Workers in The Maritimes of Canada are upset because of some changes that will be taking place in Canada's "Employment Insurance" [EI] programme. Traditionally workers in The Maritimes have had to work less to qualify and/or have received a longer pay-out. Understandably, unemployment rates in The Maritimes have consistently been higher than elsewhere in Canada.
Why understandably? because [all together now] "People Respond to Incentives."
As has been explained by those protesting the EI revisions,
"It's not people who don't want to work year round, it's simply the jobs are not there,"
One effect of the EI programmes in The Maritimes has been to raise the height of the social safety net there. After all, Canadians are known for being kind, caring, and sharing.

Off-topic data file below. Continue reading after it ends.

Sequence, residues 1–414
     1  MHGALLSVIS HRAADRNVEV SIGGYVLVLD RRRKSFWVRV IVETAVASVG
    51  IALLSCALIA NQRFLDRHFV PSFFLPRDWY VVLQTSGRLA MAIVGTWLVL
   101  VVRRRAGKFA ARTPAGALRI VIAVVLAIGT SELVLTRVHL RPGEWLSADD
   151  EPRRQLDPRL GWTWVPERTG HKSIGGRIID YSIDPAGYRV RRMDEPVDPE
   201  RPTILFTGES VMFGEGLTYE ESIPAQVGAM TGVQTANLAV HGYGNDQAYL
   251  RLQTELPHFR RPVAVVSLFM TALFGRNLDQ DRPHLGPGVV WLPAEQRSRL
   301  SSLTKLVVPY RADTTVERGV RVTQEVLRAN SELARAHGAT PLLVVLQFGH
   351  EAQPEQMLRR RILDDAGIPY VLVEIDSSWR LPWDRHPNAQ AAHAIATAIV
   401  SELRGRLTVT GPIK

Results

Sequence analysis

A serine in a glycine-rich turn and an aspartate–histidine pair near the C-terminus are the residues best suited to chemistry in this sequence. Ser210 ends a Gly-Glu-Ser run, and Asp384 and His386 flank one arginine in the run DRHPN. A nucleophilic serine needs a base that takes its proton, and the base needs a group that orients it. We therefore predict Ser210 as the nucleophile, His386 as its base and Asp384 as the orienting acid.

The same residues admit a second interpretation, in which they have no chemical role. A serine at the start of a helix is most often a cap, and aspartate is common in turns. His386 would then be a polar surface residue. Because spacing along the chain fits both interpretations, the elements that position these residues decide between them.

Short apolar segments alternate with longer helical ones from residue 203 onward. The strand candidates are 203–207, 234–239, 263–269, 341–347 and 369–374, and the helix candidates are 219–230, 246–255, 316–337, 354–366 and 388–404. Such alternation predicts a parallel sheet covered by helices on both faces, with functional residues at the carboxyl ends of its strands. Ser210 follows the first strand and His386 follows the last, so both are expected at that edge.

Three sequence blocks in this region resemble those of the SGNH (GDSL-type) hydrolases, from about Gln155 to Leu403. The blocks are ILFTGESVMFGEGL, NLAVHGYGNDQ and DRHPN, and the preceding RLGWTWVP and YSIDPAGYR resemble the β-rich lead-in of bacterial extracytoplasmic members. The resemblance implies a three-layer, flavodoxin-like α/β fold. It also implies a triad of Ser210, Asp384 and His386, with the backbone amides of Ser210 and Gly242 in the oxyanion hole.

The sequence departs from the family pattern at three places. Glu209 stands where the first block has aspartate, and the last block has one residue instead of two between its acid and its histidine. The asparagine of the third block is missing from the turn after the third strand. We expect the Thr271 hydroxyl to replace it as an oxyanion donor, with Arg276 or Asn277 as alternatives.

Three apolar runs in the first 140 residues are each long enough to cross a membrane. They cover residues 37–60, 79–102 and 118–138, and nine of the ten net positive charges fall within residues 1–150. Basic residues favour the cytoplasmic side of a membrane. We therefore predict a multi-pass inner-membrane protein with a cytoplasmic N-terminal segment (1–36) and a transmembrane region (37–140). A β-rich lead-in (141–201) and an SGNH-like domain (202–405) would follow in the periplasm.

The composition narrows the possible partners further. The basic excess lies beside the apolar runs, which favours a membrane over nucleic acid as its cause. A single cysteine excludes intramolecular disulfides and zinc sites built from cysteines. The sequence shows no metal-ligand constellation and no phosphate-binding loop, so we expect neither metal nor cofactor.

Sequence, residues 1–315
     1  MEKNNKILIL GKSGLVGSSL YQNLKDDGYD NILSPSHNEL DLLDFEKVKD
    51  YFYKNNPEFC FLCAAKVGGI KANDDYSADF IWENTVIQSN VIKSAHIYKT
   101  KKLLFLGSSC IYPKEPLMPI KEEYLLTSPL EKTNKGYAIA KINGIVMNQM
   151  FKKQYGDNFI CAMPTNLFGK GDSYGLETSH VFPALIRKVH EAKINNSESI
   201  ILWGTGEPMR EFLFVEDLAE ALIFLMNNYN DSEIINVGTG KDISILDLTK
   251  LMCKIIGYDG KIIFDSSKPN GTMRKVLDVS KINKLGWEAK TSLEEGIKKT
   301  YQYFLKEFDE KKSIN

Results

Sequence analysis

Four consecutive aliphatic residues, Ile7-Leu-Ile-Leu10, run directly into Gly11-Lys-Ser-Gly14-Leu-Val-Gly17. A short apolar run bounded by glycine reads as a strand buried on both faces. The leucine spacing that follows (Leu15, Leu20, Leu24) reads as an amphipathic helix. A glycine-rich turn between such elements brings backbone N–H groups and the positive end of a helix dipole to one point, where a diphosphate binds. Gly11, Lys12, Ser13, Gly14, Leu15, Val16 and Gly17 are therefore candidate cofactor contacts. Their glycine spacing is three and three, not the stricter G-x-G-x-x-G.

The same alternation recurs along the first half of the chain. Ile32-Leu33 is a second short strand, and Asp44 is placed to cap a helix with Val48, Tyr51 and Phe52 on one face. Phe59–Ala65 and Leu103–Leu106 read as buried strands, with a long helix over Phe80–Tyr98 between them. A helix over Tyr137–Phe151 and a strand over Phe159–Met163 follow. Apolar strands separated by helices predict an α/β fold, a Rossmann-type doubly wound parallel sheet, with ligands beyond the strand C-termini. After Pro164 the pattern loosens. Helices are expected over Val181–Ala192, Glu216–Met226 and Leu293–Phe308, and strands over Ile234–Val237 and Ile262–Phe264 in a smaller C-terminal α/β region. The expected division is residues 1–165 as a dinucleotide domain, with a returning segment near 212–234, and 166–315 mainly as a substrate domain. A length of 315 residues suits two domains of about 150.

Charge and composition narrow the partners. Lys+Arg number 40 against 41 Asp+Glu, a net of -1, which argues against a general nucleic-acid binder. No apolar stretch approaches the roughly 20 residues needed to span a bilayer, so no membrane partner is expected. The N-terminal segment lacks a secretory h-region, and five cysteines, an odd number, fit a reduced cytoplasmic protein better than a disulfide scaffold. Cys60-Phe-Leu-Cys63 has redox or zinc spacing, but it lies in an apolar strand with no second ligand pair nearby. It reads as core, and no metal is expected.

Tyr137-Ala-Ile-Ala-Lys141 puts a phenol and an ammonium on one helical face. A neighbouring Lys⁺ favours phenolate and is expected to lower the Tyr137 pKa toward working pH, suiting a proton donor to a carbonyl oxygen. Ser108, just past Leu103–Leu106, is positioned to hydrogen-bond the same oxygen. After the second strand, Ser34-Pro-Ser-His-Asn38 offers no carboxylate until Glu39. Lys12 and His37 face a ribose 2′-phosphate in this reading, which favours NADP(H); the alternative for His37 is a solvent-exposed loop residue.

A more serious effect for long-term growth and economic efficiency is that people are induced to stay in The Maritimes rather than move elsewhere, to places where jobs are more plentiful.
But it isn't so much the workers of The Maritimes who benefit from this policy. Rather, it is the land and real estate owners there who benefit. If more people would try to leave The Maritimes and move, say, to Saskatchewan to look for work (or in response to finding work), real estate values in The Maritimes would fall.
Isn't it interesting that protesting workers are trying to defend the vested interests of people who have a stake in the real estate in The Maritimes.